The students used to raise questions, and I had to find the solutions. That also helped me—I went from being a problem seeker to a solution seeker within 15 days. It was a long-awaited transformation for me as an educator.

The point is, read and learn as much as you can about a particular subject and then pass on the essence to your students.

This strategy will help you expand your knowledge. And it’ll also make you an exceptional teacher in the long run.

#8. Go the Extra Mile to Help Your Students

One fine day, my class was in session.

I had cracked a joke, and the students were laughing hysterically—there was a lot of noise.

Suddenly a female teacher (one of the most strict teachers in the college) entered the classroom and ridiculed me, “Sir, what are you doing? These students are disturbing the entire floor. Why are they making so much noise?”

“What do you think of yourselves? If you don’t behave, I’ll complain to the principal, and all of you will have to pay a fine.” She warned the students.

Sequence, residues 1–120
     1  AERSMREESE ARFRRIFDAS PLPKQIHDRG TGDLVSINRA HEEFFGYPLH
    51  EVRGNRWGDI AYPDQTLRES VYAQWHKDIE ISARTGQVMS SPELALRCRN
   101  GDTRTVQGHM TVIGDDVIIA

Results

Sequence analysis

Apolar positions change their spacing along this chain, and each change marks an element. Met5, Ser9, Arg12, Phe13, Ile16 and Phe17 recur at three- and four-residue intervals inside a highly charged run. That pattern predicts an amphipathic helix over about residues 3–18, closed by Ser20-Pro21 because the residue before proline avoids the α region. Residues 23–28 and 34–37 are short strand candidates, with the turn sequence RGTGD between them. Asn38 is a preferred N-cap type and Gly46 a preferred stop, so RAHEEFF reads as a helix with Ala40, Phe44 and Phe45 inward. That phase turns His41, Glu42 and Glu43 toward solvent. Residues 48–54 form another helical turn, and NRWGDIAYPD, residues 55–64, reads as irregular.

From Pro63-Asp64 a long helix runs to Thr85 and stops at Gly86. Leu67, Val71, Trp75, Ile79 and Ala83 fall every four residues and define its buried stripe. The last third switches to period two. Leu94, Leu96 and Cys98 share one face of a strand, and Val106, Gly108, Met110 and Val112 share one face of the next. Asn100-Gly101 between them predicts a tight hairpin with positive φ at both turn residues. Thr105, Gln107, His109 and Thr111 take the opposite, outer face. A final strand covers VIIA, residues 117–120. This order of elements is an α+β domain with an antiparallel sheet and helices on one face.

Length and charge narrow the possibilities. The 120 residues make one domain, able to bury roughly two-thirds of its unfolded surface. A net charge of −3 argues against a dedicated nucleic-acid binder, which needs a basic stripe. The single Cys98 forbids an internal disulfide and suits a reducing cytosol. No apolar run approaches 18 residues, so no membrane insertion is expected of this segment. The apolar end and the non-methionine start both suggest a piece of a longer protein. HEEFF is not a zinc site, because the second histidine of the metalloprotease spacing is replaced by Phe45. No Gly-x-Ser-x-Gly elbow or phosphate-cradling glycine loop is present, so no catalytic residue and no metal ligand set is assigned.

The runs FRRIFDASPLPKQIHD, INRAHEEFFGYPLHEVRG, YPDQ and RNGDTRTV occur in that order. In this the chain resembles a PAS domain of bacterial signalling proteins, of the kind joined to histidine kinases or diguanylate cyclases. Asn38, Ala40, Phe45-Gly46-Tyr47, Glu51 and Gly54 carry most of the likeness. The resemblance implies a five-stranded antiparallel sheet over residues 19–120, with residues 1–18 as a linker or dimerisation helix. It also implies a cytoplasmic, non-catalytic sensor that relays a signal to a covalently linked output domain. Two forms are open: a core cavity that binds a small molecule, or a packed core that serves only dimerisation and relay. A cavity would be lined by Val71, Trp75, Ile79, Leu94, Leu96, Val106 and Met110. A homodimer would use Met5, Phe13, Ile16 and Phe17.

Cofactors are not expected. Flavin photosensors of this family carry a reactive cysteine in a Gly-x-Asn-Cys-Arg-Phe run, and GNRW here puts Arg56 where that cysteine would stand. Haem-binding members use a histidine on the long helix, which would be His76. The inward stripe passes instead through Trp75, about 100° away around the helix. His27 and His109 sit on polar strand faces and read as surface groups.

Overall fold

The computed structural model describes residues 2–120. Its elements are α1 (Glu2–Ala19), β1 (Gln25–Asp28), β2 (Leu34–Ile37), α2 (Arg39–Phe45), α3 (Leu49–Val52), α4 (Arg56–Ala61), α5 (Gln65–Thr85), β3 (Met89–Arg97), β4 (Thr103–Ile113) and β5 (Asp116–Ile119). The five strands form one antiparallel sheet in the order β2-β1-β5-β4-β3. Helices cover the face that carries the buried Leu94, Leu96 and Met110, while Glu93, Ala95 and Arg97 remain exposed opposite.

“Sir, you need to work on your classroom behaviour management. Please make a list of the students who were making noise and give it to me if they don’t behave.”

“I surely would, ma’am,” I assured her.

She had a point.

And so, I decided to meet the training and placement officer the next day to find a solution to the “noise” issue.

I Requested to Conduct an Experiment

I suggested to the officer that we should allow the students to make noise for the first 10 minutes.

The students should be free to laugh, scream, or make any noise they wished. That way, most of their unexpressed energy shall be released, and they shall remain calm for the next 40 minutes. That way, we could teach them better.

My suggestion was “overruled” with the reasoning that it would disturb the adjoining classes.

I still don’t understand.

My idea was to let students make noise for the first couple of minutes so they could remain calm for the remaining time. That would have been more productive, instead of them making noise for the whole classroom time.

You decide what’s better—allowing the students to release their steam within the first 10 minutes, or letting them disturb the whole floor for a full 50 minutes?

My point?

You must be willing to go that extra mile for your students. I cannot guarantee that you’ll succeed, but you should try it. You might get lucky. Who knows?

#9. Don’t Lose Heart (Even When Things Go Wrong)

The teaching profession has its own hazards.

One of them is, despite your best efforts, things can go wrong.

Like they did for me.